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I am utilizing built in FormsAuthentication with an asp.net web app right now and I am adding a bit of additional information in the cookie and it is resulting in a "reasonably" large cookie size of ~500B. This isn't huge but it has the potential to get bigger and I don't like this overhead on top of EVERY request.

By default, formsauth cookies are encoded in hexadecimal...

I am wondering if there is a clean way to override a method or something in ASP.NET so that I could change the cookie encoding to be base64 without incurring much overhead.

At the end of the day I could just create my own classes to do all of the authentication but I like having the built-in functionality with asp.net for role-providers and membership-providers.

Does anyone have any ideas or has anyone tried this? Thanks.

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The best solution probably is to not put a lot of data in cookies to begin with. The most using base64 is going to save you is a few dozen bytes. Alternatively, you can create your own cookie as well (separate from formsauth) and encode data in it anyway you like –  Earlz Jun 15 '12 at 0:05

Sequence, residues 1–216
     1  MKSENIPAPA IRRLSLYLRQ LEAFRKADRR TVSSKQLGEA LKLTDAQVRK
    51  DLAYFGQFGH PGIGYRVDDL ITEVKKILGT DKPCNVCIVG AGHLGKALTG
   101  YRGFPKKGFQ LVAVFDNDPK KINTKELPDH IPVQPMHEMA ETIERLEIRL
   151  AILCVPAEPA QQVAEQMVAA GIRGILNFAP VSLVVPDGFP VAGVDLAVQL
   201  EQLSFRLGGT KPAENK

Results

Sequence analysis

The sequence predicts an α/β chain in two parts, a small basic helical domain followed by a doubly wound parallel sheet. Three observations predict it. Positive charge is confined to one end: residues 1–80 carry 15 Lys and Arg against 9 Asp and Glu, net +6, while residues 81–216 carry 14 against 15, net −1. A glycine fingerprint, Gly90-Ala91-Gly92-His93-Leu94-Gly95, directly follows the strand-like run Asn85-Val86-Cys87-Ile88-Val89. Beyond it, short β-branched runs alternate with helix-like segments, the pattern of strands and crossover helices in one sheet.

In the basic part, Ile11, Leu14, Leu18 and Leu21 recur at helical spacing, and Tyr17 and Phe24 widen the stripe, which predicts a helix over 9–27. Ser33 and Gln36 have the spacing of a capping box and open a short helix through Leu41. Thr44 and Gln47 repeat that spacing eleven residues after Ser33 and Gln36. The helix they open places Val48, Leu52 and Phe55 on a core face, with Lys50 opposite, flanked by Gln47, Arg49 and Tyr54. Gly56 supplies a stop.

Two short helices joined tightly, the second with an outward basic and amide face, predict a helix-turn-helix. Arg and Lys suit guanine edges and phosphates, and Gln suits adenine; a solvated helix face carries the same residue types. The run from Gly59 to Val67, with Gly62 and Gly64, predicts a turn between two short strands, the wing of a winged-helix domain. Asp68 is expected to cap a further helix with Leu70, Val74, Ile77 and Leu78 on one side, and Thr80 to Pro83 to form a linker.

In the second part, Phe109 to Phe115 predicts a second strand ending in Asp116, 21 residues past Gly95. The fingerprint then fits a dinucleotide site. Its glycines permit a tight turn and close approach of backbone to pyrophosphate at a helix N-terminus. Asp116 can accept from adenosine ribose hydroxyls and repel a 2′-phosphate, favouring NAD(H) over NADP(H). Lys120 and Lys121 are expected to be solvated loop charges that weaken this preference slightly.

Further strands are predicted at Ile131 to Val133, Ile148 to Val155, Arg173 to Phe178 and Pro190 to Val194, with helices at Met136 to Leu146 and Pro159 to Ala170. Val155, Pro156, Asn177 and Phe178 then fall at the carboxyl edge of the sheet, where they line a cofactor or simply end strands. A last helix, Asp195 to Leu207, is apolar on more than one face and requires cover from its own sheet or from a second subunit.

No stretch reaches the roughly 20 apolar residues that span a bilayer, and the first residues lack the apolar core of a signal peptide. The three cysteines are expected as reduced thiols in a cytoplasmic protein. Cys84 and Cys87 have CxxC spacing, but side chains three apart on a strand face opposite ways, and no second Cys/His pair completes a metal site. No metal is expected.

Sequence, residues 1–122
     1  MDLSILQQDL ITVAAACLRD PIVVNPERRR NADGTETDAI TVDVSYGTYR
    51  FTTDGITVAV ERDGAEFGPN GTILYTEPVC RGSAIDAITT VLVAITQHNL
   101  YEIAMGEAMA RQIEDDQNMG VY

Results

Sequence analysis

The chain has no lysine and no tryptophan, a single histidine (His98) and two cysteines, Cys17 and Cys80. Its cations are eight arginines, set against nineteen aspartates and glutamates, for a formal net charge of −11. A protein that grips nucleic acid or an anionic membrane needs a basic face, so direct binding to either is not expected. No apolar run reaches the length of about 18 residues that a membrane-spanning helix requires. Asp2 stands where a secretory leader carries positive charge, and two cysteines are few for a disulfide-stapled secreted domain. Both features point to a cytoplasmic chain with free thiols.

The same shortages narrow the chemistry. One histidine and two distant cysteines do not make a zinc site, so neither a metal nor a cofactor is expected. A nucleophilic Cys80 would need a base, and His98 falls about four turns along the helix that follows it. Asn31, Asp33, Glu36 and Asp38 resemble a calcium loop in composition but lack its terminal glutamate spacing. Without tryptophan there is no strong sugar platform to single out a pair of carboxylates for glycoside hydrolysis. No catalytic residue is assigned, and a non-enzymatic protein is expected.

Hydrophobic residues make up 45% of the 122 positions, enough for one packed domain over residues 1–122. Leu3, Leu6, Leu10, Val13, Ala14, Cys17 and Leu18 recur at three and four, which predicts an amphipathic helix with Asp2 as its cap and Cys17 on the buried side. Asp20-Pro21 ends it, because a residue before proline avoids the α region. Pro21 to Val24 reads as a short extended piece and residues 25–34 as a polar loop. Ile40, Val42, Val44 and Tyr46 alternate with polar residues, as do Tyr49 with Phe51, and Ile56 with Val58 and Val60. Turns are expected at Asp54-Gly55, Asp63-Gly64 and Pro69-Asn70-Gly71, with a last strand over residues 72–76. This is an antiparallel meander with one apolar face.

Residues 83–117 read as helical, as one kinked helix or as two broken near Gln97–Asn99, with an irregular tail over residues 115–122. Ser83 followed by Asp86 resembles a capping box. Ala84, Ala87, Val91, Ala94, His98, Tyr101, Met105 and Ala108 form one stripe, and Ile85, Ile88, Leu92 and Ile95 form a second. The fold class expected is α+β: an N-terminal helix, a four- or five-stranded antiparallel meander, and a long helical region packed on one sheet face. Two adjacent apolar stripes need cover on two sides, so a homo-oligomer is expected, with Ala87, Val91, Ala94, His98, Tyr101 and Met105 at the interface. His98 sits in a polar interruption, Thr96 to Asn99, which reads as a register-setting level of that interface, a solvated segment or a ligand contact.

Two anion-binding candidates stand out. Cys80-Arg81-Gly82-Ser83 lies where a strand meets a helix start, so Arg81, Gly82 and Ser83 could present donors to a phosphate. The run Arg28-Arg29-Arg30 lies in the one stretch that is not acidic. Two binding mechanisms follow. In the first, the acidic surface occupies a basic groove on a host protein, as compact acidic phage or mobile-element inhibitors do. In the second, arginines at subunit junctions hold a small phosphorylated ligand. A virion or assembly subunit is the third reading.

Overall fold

certainly agree with not putting a lot of data in there to begin with... everything I am putting in there is fairly minimal and necessary. even without the extra data, i don't like how big the formsauth cookies are! –  Leland Richardson Jun 15 '12 at 0:16
also - a quick check indicates that for 500B i would save 164B... almost 1/3 reduction... –  Leland Richardson Jun 15 '12 at 0:20
that sounds about right. But you said "has the potential to get bigger". If you must store a lot of data in cookies, I'd go for the combination of compression and base64. Also, base64 isn't exactly compatible with cookies as is as well. (the padding = character isn't allowed in cookies, though it can easily be worked around) –  Earlz Jun 15 '12 at 0:26
If there are a reasonable number of users you could add a Dictionary<int, UserData> to the server cache and refresh it from te DB every time a user logs in. Then you can save user info without sessions or adding data to the auth cookie. –  James Jun 15 '12 at 1:00

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